Glossary: I type terribly slowly, so I'm going to keep this as simple as I can (these terms change a little depending on who is using the term... For example: The French call the "frog" a "nut". Let's stick with a glossary for the heads for the time being:

Face: the bottom (hair side) of the head (where the head mortice is located).

Face plate: ebony and/or metal, ivory or other material applied to the under side (face) of the head

Cheek; side of the head above the face plate

Nose: Leading edge of the head

Point: The bit that protrudes beyond the nose

Throat: usually refers to the back side of the head as it leaves the stick

Chamfer: the nearly 45 degree cut that runs down the back side of the head along the throat to the face plate

Just noticed, while I was typing this, that deepblue has indeed proved that a picture is worth a thousand words!!! Thankyou!

(Hey, is that a drawing of a Louis Tourte or a good Dodd?)

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Regarding the octagonal vs round issue: I get various opinions from bow makers as to whether they do this themselves, but my understanding is that many makers of the past planed the stick to octagonal first, noted the weight at that point, and if the stick was still a bit heavy, would proceed to knock off the corners, making a round bow. Therefore, in general, round bows are of slightly denser (heavier) wood, and have a bit crisper feel, whereas octagonal bows can tend to feel a bit more sluggish. On the other hand, some octagonal bows are just heavier.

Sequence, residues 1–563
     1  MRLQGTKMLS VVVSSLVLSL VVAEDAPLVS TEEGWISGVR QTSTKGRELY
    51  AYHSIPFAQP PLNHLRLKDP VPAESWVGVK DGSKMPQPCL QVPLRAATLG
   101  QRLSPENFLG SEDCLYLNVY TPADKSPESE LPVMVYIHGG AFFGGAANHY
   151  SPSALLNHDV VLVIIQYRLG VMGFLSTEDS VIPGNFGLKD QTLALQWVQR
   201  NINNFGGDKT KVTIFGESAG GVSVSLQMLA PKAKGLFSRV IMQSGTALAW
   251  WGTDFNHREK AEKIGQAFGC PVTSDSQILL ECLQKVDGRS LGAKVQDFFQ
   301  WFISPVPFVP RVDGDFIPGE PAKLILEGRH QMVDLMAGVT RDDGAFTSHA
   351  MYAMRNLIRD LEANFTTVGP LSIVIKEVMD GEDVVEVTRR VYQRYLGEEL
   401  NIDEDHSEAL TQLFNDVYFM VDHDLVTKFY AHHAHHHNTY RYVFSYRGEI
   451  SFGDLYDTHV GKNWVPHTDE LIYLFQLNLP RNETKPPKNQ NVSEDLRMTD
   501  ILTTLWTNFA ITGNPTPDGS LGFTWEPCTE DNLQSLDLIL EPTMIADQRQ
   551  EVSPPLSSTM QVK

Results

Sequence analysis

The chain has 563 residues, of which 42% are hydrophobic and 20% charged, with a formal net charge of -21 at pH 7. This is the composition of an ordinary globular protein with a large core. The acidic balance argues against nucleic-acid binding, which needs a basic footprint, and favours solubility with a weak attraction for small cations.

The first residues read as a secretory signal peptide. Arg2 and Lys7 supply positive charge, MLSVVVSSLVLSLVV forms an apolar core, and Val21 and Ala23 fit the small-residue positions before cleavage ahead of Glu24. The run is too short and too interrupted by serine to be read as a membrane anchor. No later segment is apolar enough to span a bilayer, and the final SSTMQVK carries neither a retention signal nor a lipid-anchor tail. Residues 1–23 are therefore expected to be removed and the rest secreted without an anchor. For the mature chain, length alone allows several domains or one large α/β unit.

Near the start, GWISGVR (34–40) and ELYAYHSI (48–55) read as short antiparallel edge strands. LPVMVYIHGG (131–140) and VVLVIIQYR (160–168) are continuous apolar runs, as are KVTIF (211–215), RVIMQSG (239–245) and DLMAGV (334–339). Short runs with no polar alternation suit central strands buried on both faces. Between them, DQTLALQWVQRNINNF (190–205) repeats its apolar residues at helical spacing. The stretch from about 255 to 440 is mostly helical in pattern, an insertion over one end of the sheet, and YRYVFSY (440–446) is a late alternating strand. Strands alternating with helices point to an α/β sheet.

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RE: "In your search, you did manage to try a number of bows from the "dead guys". Can you describe the feeling of the Peccatte as it compares to other bows you tried? Was there a difference in the way the bow produced sound? It's "power"? "

The Peccatte is by far the best bow I've ever played. On Michael's Canon, the Peccatte drew a deep, very rich, very focused (yet full) tone -- the bow felt light, but drew a "heavy" sound.

However, what really impressed me was how easy it was to play. Where other bows would be whispery when played with extremely light pressure and at slow speed, this Peccatte drew a solid tone. Converesly, where the tone on other bows would "bottom out" and "crunch" at high pressure, I wasn't able to overpower the Peccatte. One my Geipel***, techniques like upbow spiccato were pretty difficult to control consistently. With the Peccatte, it's nothing.

Apart from the fact that the Peccatte had a round stick and a gold and tortoise mounted frog, I can't honestly say that I can really remember anything specific about the style. However, I was merely a "journeyman" at that time, and as such, could not be expected to notice such subtle nuances of chamfer and head angle. However, now, as a full-fledged "member," I am enlightened.

In comparison to the Peccatte, I remember that the John Norwood Lee bows I tried that day sounded very dry, sometimes harsh when under pressure. All the Lees were, however, very responsive, but none of them gave me the same tone with the same amount of effort. Don't get me wrong, they were great bows for the price -- they just can't compare to the Peccatte. Then again, I could've bought a truckload of Lees for the price of the Peccatte. Is the Peccatte worth the price? Hell, yes.

To be honest, when I walked into the shop, I wanted a stronger stick. And in that respect, I thought that I'd like the feel of the Norwood Lees better. How wrong I was. Now, after playing some quality "dead guy" bows, I have a new appreciation for more flexible sticks.